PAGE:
The predominantly female and often racialized workforce of Ontario’s personal support workers (PSWs) is bearing the brunt of a chronically underfunded long-term care system, according to a new report released on December 9 by Unifor and the Ontario Health Coalition.
The report is based on eight roundtable discussions the organizations organized mainly in May and June 2019 across eight cities. More than 350 people participated in the forums including long-term care home directors, owners, administrators, PSWs, union reps, advocates and municipal councillors.
The understaffing of homes has been a longstanding problem that has led to a severe shortage of PSWs and in the process further undermined the safety and care of vulnerable residents.
The work in nursing homes is physically and emotionally tough — personal support workers are responsible for a wide range of duties including clothing, bathing and toileting residents.
The labour of taking care of an aging population is becoming ever more difficult. Seniors entering nursing homes are older with increasingly complex conditions — they often have multiple ailments, require more medication and need closer care.
However, according to government data, staffing levels have been declining over the past decade.
“[As a worker] you can’t watch people every single second when you’re split between so many residents. The ratios are just extreme. And the reality now is that almost every shift, they’re working short-staffed,” says Katha Fortier, spokesperson for Unifor.
Fortier points out that alongside elderly patients are younger residents with mental health problems, creating an even more challenging work environment for staff as they have to deal with stronger, more mobile residents.
The shortage of workers results in rushed and low-quality care, increasing staff errors, neglect of residents, conflicts and aggressive behaviors, according to the report.
A survey of 1,200 PSWs released in March this year showed alarming levels of violence in long-term care due to persistent understaffing. The study echoed findings of a 2008 York University study that also blamed inadequate staffing, but showed that the rates of violence including sexual assaults had intensified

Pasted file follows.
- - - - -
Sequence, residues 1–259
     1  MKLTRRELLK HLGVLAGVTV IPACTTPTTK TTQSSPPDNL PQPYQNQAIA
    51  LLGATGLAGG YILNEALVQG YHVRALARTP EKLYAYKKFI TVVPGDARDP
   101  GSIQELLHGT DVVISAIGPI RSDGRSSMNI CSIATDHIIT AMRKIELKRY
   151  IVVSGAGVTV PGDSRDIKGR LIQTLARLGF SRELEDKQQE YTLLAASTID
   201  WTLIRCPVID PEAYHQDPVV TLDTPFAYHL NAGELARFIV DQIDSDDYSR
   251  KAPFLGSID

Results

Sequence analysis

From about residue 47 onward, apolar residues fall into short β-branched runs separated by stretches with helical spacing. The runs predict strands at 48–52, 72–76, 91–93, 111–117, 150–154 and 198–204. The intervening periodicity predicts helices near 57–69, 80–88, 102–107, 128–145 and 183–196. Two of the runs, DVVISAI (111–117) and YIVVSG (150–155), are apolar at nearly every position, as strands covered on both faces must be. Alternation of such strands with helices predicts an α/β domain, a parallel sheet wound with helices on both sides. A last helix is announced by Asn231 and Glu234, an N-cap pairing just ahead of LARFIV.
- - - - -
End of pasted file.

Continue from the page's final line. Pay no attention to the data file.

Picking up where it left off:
Understaffing and PSW shortages
The OHC-Unifor report highlights that PSWs are leaving the industry due to demanding working conditions, poor compensation, high rates of injury and abuse, and lack of full-time work.
But the exodus of PSWs is creating an even more acute shortage of staff, creating a spiralling effect without an easy fix.
Precarity in work is a serious concern as full-time work is scarce, with workers having to negotiate multiple jobs, and balancing the scheduling needs of multiple employers.
The report notes that some workers in Chatham, Ontario, said they were still awaiting full-time jobs a decade into their careers.
Since hourly wages often hover around the $20 mark, it makes sense for workers to seek other low-wage jobs that don’t involve a stressful and volatile environment.
The report recommends increased government funding to hire more full-time staff with benefits, which would also address better resident care. It also calls for government subsidies for students to enroll in college PSW programs, to address the barriers of high tuition fees and child care costs.
One of the other recommendations is to build a provincial human resource strategy to ensure a sustainable solution to the problem.
In an emailed statement, Merrilee Fullerton, the minister of long-term care, said that the government was working on a comprehensive staffing strategy for nursing homes.
The statement acknowledged that “proper staffing plays a significant role in ensuring that the needs of all long-term care residents are being met.”